A naturopathic doctor I have been speaking with told me the following. Can you tell me if it is correct or not please and thank you. I like to have the right information.

    “if your liver is producing enough cholesterol then you do not need to worry about cholesterol. However, I have treated vegans who have developed symptoms that I would attribute to low cholesterol levels. We are just starting to understand how the body carries cholesterol to and from cells in the form of LDL, VDL, and HDL particles. Cholesterol is used by the body to help aid in cell integrity and cell signaling. Cholesterol is also used to make steroid hormones such as, DHEA, Cortisol, testosterone, estrogen and other sex hormones. A low BMI and low fat vegan diet may, over-time, lead to extremely low cholesterol levels. There may be vegan ways to raise cholesterol which might include offering liver support and increasing consumption of healthy fats that the body can use to make cholesterol.”

  • Stevie T.

    I’m assuming you mean that cholesterol can’t be too low……as long as it is not caused by statin usage. Due to a coronary “event” in May resulting in 4 stents being placed, I was put on Lipitor. I told both my cardiologist and internist that I was concerned about statins because I am almost totally vegan. When my lipid levels were re-checked, my LDL came in at 43 (doctor’s target was at or below 70) my total cholesterol was 90 and my HDL 29. My cardiologist promptly had me cut my 80mg Lipitor tablets in half and I’ve been taking 40mg since….to be rechecked in 3 months. Please comment on this.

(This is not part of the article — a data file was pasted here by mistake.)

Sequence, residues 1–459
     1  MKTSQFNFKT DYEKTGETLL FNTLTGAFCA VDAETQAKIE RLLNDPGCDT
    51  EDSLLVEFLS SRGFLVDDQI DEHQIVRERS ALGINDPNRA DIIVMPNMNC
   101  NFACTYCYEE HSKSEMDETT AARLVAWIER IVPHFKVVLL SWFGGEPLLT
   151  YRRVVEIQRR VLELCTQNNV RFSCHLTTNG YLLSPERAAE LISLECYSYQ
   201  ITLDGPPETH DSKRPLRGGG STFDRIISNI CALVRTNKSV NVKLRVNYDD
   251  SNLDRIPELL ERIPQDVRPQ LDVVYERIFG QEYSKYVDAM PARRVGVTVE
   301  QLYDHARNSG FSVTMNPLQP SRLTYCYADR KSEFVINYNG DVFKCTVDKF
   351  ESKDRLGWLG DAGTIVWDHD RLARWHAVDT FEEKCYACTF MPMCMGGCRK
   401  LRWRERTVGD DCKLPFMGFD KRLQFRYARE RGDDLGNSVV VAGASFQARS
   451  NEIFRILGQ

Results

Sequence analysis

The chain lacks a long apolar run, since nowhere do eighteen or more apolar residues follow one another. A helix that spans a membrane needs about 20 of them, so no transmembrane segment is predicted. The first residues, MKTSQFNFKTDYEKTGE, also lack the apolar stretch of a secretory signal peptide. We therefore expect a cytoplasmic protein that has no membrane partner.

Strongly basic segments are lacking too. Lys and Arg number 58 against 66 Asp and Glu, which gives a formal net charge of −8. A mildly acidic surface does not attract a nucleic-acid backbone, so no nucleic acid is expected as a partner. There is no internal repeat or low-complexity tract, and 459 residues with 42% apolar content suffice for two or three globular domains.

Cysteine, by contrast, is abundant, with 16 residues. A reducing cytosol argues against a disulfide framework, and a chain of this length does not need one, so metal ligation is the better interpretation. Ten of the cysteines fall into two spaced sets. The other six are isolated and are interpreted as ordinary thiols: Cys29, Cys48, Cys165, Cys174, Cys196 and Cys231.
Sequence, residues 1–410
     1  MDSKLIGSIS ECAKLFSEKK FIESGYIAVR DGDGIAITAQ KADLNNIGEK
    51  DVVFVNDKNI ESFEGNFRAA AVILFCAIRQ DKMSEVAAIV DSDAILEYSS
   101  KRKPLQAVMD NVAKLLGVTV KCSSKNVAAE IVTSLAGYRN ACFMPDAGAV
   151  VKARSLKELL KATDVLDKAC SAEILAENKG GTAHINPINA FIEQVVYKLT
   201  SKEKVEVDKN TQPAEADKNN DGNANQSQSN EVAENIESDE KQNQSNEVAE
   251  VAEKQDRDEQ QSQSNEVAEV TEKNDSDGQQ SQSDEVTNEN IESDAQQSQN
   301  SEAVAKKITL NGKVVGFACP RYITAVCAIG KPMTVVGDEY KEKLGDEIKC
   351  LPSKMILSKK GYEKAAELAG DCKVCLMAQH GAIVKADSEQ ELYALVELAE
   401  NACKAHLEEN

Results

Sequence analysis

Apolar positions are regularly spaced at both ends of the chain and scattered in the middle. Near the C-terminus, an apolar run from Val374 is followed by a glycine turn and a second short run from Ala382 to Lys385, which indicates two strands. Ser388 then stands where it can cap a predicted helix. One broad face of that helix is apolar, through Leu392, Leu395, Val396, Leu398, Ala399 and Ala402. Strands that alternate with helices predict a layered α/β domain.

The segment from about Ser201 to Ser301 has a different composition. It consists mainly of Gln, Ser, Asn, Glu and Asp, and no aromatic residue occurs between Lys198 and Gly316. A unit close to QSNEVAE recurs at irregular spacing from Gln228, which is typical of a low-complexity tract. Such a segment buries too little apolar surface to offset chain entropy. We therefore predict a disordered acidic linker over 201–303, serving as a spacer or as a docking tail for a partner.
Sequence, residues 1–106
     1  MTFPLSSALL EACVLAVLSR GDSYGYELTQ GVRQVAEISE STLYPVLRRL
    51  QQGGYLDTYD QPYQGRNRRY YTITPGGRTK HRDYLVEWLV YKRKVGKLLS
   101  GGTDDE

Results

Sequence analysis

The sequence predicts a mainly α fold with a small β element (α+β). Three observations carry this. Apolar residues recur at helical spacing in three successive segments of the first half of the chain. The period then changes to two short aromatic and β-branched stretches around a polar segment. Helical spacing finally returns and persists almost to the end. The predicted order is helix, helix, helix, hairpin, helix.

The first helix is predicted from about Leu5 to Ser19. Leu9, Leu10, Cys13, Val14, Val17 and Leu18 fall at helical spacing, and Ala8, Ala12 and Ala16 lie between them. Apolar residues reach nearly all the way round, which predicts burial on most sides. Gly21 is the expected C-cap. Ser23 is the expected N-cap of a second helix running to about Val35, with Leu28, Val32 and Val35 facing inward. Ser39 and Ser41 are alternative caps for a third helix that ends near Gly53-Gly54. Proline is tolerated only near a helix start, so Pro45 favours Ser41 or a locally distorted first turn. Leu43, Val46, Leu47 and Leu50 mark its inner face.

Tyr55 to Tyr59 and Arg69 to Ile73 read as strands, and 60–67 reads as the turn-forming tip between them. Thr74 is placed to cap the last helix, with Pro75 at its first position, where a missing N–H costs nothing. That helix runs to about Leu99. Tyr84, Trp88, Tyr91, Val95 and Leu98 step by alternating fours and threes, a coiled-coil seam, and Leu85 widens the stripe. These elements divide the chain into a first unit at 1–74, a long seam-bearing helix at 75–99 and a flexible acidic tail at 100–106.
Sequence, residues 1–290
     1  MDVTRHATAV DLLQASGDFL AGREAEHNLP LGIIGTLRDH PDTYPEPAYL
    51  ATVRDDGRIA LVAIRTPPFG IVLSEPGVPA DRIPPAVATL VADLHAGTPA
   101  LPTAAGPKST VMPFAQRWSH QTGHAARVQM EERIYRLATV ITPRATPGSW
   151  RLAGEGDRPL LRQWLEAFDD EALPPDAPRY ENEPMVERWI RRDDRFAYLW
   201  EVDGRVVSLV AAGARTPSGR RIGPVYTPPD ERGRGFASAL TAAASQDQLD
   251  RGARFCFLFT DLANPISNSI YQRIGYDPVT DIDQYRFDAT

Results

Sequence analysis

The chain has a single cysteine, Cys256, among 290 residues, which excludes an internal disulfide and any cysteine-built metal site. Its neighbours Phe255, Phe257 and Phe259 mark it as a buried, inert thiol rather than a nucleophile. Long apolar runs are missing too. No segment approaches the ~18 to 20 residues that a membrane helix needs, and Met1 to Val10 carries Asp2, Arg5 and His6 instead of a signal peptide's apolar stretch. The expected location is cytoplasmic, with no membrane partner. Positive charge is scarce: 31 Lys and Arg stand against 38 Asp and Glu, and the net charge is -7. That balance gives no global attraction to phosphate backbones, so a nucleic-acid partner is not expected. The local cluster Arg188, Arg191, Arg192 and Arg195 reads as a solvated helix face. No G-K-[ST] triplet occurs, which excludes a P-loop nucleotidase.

Thanks.

    • Joe

      I don’t know why the Doctor has you on statins when you are so low. Maybe the statins made them lower? The review will be interesting. I think it’s standard procedure for heart patients because Cholesterol is believed to be the cause. But I don’t think that story is so clear. I think there are other causes and contributing factors, like low vitamin C and lysine. (and possibly proline). Philip Day, in his book health wars, describes heart disease as a ‘slow motion scurvy’ caused by nutritional deficiencies of the 2 amino acids above + vitamin C – which cause damage to the arteries, which is then repaired by cholesterol (which then builds up eventually blocking arteries) (I’m pretty sure it was lysine and proline – you’d have to check).

      I am only a layman in such terms, but Day really makes a good case for further examination. Have you had your lysine levels checked? What kind of diet do you eat? Do you go for whole foods or is it more grain based?

      Also, perhaps its the LDL /HDL ratio that is the problem, and not total cholesterol.

  • Thinkabouddit

    I just came across this article and thought it was relevant to this discussion. I also wonder if it’s true.

    Can total cholesterol be too low?

    As a psychiatrist, I have been quite aware, for more than 40 years, of the serious mental illness dangers associated with low cholesterol. Recent research has shown that there is a much higher association of depression, suicidability, and anxiety with cholesterols less than 159. Several cohort studies on nondepressed subjects have assessed the relationship between plasma cholesterol and depression. A direct relationship was found between low cholesterol and rates of high depression. It became clear among patients with major depression that there was a strong causative association with low cholesterol.

    Gabriel Cousens, MD
    “There Is a Cure for Diabetes”